Invited by the Manufacture de Sèvres, CHU Teh-Chun began his work in winter 2007, he completed the last of the 58 vases two years later in January 2009. A few days later, victim of a stroke, he definitively stopped painting.
In celebrating the marriage of the arts of brush and fire, Chu Teh-Chun has revived the inner journey that led him to his native China. With his nervous and seismic stroke, he has abolished the boundaries between painting, ceramics and calligraphy.
A daughter of earth and fire, ceramics has reached the rank of an artistic discipline in its own right in China, notably thanks to porcelain, the perfection of which, under the Southern Song (1127-1279), was soon to arouse covetousness and crystallize all fantasies…
It was precisely during his stay in Taipei, in the spring of 1998, that Chu Teh-Chun undertook this new practice, painting a series of large platters in the heart of a studio located in Ying-Ge.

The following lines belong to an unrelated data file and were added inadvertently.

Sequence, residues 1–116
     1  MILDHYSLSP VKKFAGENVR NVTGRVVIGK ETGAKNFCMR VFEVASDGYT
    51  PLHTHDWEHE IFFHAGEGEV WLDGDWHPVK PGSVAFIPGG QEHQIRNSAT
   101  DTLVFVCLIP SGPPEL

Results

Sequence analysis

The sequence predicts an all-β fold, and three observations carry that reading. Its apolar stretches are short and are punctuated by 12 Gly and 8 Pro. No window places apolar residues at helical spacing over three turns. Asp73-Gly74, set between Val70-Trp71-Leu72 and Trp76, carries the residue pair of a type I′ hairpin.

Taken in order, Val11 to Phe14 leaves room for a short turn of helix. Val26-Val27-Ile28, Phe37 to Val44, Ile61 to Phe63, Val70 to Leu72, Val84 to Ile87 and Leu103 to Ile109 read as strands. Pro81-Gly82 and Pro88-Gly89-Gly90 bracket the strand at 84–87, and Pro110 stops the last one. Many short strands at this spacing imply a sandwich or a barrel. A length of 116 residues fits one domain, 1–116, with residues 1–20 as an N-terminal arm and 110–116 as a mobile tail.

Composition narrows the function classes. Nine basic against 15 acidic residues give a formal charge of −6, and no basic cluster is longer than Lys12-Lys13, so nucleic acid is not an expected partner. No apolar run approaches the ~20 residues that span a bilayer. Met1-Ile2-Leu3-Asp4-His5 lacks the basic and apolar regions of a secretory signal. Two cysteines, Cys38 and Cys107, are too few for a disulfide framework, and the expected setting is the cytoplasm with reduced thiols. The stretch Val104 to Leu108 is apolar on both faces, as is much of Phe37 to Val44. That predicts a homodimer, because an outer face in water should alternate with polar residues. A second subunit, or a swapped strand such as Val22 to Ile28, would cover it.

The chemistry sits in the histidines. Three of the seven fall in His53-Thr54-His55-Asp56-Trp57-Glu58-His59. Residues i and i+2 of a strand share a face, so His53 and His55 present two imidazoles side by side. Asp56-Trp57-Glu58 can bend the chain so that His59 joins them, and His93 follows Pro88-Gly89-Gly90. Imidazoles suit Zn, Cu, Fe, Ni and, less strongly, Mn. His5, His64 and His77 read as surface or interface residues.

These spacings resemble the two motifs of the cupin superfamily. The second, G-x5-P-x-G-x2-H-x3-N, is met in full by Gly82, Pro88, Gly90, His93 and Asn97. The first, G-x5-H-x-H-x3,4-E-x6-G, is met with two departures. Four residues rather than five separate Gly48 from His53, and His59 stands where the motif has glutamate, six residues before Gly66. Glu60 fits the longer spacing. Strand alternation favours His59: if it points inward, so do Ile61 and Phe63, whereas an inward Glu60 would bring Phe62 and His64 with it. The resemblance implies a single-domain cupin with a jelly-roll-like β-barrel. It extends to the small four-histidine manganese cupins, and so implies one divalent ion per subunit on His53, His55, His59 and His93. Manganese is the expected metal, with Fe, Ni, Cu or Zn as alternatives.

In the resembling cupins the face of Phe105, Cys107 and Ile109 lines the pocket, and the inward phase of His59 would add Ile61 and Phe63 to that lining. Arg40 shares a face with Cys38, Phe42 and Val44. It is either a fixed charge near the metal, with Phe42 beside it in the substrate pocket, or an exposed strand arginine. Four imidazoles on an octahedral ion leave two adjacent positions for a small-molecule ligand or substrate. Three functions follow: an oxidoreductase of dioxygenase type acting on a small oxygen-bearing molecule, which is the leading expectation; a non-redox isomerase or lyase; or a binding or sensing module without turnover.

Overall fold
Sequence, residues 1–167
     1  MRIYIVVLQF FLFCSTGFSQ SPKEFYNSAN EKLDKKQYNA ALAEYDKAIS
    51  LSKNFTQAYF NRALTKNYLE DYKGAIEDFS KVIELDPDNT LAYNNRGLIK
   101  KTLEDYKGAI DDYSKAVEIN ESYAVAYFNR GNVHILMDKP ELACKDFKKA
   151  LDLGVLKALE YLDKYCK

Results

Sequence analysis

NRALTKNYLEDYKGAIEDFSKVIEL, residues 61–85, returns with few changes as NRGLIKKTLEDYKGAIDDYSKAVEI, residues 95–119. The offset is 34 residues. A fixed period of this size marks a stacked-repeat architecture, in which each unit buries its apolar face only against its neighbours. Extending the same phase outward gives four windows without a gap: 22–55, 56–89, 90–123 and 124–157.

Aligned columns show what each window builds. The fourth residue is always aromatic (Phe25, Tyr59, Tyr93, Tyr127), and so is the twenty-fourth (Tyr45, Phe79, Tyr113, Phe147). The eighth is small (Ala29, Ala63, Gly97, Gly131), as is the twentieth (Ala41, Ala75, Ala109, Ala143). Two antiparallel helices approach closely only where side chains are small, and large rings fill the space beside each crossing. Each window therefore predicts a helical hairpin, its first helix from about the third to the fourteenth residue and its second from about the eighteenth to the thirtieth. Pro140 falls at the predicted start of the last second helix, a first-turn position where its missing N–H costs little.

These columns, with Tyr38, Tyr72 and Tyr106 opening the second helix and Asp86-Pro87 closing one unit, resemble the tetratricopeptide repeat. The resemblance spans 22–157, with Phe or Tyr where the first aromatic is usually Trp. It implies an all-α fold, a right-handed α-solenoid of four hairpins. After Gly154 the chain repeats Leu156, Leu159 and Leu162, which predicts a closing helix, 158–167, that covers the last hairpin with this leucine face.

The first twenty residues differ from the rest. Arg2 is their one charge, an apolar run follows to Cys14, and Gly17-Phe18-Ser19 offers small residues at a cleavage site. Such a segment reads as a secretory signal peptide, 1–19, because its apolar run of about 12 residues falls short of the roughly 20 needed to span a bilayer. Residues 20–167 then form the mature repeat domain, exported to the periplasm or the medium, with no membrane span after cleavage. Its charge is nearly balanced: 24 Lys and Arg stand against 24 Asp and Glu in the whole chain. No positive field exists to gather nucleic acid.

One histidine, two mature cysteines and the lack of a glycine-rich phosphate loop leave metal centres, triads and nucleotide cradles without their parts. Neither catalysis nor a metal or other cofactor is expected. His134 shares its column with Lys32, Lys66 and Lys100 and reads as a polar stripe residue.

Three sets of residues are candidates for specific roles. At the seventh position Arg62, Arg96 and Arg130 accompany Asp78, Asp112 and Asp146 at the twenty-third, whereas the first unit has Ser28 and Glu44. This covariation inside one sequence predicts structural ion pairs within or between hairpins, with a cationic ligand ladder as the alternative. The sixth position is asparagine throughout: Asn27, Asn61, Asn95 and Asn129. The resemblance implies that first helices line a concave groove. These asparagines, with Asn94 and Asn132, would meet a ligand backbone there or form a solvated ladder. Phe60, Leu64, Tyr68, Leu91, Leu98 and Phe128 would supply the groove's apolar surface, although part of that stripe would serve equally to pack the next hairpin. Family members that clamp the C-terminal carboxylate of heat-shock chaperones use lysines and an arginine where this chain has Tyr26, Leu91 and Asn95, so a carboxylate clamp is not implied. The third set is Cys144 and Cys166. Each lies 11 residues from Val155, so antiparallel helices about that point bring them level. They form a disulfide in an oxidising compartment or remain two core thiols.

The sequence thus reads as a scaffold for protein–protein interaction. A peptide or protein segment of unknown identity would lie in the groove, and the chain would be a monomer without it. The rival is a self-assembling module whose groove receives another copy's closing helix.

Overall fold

Twenty years later, thanks to his close and passionate collaboration with the Manufacture Nationale de Sèvres, the artist was to reach new heights of virtuosity and refinement.
Far from being anecdotal, this technique allows him to renew his pictorial language, by offering him to transpose on the convex or spherical surfaces of plates or vases an abstract and oneiric world of signs, sweeps, stripes or blots.
Impregnated with Taoist spirituality, well versed in the latest achievements of lyrical abstraction, the artist revisits the exchanges forged between the Middle Kingdom and the West through three chromatic variations: the immaculate white of the kaolin from which the first porcelains were made, the “celestial blue” borrowed from China by the Manufacture de Sèvres, and the matte and shiny golds of the European royal tables.
In less than two years, Chu Teh Chun created fifty-eight “vase-sculptures” of rare poetry with a brush that was both masterful and electric. Microcosms offered to contemplation, some of his inspired works entered the collections of the Guimet Museum in 2015.
Like a magnificent return to his roots for this artist born in Baitou Zhen, “the village of the white earth”, renowned for its porcelain.
Connaissance des Arts Special Issue – CHU TEH-CHUN – N°929/1 – Bérénice Geoffroy-Shneiter